On the home front

The single most important recent article on the war-related challenges confronting the United States at home is the spring Middle East Quarterly essay by Daniel Pipes and Sharon Chadha: “CAIR: Islamists fooling the establishment.” In the detailed and heavily footnoted article, Pipes and Chadha show:

*Perhaps the most obvious problem with CAIR is the fact that at least five of its employees and board members have been arrested, convicted, deported, or otherwise linked to terrorism-related charges and activities.
*CAIR has a number of links to Hamas.
*CAIR’s founding personnel were closely linked to the Islamic Association of Palestine; the Islamic Association of Palestine functions as Hamas’s public relations and recruitment arm in the United States.
*CAIR encourages law enforcement in its work — so long as it does not involve counterterrorism.
*CAIR discourages Americans from improving their counterterrorism skills.
*CAIR has consistently shown itself to be on the wrong side of the war on terrorism, protecting, defending, and supporting both accused and even convicted radical Islamic terrorists.
*CAIR has a key role in the “Wahhabi lobby” — the network of organizations, usually supported by donations from Saudi Arabia, whose aim is to propagate the especially extreme version of Islam practiced in Saudi Arabia.
*CAIR affiliates regularly speak at events sponsored by the Islamic Society of North America, an umbrella organization of the Wahhabi lobby.
*CAIR attempts to close down public debate about itself and Islam in several ways, starting with a string of lawsuits against public and private individuals and several publications.
*CAIR has a long record of unreliability and deceit even in relatively minor matters.

Pipes and Chadha conclude with a question: “How long will it be until the establishment finally recognizes CAIR for what it is and denies it mainstream legitimacy?” Coincidentally, on the subject of the Washington Post article that John addressed at length last night in “Rewriting very recent history,” Pipes and Chadha note that the “Post seems particularly loath to expose CAIR’s unsavory aspects” and observe with respect to CAIR’s unreliability and deceit (footnotes omitted):

In May 2005, CAIR published its annual report on the violations of Muslim civil rights in America which purported to document a significant rise in the number of hate crimes directed at Muslims. According to the report, “anti-Muslim hate crimes in the United States” have gone up dramatically: from 42 cases in 2002, to 93 cases in 2003, to 141 in 2004. The mainstream media dutifully recycled CAIR’s press release, effectively endorsing this study by reporting it as a serious piece of research. But closer inspection shows that of twenty “anti-Muslim hate crimes” for which CAIR gives information, at least six are invalid.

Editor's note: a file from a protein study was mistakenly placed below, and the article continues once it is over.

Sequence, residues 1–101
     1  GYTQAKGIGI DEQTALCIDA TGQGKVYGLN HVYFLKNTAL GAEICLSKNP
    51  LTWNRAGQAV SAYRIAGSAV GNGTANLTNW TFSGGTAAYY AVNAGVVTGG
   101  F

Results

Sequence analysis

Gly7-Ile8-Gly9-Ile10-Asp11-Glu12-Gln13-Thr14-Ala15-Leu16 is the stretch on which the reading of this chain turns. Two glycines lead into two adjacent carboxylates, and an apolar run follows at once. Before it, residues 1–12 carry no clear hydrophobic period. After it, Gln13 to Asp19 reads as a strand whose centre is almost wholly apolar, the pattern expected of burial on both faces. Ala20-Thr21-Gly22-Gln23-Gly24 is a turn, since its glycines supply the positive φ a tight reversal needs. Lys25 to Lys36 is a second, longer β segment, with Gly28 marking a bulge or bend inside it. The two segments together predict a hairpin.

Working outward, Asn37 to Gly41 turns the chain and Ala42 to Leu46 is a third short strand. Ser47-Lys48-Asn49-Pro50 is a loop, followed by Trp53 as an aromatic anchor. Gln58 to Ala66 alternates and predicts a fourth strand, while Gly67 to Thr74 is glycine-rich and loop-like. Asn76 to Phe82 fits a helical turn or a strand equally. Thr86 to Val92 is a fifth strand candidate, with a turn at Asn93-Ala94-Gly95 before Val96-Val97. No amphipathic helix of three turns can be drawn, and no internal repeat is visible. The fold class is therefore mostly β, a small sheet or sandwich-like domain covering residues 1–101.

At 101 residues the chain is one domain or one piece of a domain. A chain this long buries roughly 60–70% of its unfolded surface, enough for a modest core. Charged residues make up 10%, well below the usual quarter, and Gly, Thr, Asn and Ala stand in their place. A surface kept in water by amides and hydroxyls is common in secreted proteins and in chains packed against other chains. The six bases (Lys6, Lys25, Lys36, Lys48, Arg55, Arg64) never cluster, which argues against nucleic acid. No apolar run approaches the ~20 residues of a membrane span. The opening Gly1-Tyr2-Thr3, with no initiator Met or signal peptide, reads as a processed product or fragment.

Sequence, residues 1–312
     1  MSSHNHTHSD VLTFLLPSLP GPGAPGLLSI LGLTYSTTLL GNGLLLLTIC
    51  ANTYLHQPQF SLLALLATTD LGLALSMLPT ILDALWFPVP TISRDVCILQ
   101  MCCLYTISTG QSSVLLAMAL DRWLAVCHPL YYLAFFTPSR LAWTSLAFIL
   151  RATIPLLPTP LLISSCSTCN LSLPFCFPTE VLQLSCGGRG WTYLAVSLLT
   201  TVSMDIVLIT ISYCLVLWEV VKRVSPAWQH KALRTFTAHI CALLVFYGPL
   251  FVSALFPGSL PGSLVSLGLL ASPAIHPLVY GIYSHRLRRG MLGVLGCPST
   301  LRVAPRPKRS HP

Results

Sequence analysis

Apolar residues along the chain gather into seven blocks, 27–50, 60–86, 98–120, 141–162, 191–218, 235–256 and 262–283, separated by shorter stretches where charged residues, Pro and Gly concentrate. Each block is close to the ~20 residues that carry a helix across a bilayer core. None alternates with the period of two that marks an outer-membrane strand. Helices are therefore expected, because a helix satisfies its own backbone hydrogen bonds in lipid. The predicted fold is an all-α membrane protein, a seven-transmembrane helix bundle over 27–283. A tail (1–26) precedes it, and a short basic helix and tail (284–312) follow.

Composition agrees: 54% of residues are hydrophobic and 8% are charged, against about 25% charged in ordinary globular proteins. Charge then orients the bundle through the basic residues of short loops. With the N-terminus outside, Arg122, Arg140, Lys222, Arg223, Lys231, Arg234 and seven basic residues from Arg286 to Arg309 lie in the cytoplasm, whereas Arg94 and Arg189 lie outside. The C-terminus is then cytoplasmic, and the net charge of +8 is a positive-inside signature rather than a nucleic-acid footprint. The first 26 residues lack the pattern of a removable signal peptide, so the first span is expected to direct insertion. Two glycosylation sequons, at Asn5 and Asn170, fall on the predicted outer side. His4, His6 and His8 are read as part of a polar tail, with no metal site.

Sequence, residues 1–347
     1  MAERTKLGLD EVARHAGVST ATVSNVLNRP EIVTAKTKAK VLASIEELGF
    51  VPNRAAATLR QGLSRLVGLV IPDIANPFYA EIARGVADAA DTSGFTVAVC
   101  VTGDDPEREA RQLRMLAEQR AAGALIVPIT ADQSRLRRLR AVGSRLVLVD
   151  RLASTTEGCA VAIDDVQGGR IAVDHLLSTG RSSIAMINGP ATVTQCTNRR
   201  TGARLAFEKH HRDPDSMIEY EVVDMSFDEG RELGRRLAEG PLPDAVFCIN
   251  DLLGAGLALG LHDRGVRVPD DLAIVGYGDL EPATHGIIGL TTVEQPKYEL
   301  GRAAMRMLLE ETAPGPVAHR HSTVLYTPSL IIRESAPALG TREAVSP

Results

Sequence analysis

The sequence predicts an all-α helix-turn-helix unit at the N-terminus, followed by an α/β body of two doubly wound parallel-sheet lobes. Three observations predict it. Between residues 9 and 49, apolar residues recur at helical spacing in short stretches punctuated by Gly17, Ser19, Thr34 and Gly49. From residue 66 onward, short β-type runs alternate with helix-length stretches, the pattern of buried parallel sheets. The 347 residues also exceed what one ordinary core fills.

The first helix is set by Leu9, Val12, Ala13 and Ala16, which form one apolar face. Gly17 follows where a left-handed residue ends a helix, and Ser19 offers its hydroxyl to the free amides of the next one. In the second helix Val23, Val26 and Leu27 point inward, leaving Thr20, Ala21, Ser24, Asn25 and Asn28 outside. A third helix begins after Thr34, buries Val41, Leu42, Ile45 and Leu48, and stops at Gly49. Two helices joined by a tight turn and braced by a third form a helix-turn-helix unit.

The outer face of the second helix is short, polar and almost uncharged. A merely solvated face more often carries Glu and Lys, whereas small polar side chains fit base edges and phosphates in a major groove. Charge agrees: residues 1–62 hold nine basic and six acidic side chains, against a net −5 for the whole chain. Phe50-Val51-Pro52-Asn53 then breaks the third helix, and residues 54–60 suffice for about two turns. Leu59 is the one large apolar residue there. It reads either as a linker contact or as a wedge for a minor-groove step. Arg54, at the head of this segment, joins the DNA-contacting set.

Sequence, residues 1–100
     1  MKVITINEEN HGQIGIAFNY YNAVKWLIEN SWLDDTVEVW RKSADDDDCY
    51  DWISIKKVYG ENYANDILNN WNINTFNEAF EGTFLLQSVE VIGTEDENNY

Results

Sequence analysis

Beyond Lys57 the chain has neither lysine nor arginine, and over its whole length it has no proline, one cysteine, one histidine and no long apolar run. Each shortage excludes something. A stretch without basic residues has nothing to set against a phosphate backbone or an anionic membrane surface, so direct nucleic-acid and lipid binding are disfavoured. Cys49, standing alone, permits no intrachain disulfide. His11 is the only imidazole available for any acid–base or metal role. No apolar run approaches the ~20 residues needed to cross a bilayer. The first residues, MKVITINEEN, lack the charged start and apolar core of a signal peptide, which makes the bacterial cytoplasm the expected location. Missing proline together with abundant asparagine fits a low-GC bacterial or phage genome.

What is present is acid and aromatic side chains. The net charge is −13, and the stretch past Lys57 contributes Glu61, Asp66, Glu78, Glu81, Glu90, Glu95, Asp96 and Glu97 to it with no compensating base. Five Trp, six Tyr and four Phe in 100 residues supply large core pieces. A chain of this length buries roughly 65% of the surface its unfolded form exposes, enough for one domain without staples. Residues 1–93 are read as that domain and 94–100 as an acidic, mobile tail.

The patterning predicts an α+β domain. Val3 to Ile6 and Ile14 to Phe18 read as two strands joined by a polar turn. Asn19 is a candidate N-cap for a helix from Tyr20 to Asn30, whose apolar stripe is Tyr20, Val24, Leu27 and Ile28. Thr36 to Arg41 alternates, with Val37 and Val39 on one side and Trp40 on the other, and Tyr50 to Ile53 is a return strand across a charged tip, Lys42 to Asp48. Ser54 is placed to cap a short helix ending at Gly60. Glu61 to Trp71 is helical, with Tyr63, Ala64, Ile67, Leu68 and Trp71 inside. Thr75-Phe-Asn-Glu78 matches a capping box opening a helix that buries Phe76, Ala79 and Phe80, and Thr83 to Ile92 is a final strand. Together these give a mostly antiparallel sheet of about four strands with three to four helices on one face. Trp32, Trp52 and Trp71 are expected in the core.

David Skinner points out a further problem with the 2004 report: its credulity in reporting any incident, no matter how trivial, subjective or unsubstantiated. One anecdote concerns a Muslim college student who encountered “flyers and posters with false and degrading statements about the Qur’an and the prophet Muhammad”; another concerns a student at Roger Williams in Rhode Island who wrote that “a true Muslim is taught to slay infidels.” Also, any reluctance to accommodate Muslim women wearing a headscarf or veil was tallied as a bias incident, even in the case of genuine quandaries (such as veiled athletes or drivers applying for their licenses).
Nor is this the first unreliable CAIR study. Referring to the 1996 version, Steven Emerson noted in congressional testimony that “a large proportion of the complaints have been found to be fabricated, manufactured, distorted, or outside standard definitions of hate crimes.” Jorge Martinez of the U.S. Department of Justice dismissed CAIR’s 2003 report, Guilt by Association, as “unfair criticism based on a lot of misinformation and propaganda.”

The online version of the article is full of links that add to its usefulness. This is an important piece that deserves the widest attention. Here is our own footnote to the Pipes/Chadha essay: “CAIR chairman elected to board of ACLU-Florida.”
Today’s papers offer two columns closely related to the themes of the Pipes/Chadha piece. Diana West takes up the New York Times series on the Brooklyn imam in “The media and Islam” and the New York Sun reports that “Alarm spreads over jail imam.”
Based on her attendance at the Palestine Solidarity Meeting at Georgetown University, Allyson Rowen Taylor separately reports how the Palestine Solidarity Movement plans to use deception and fraud to infiltrate churches in the United States. (Thanks to Israpundit.)

Responses

Books to read from Power Line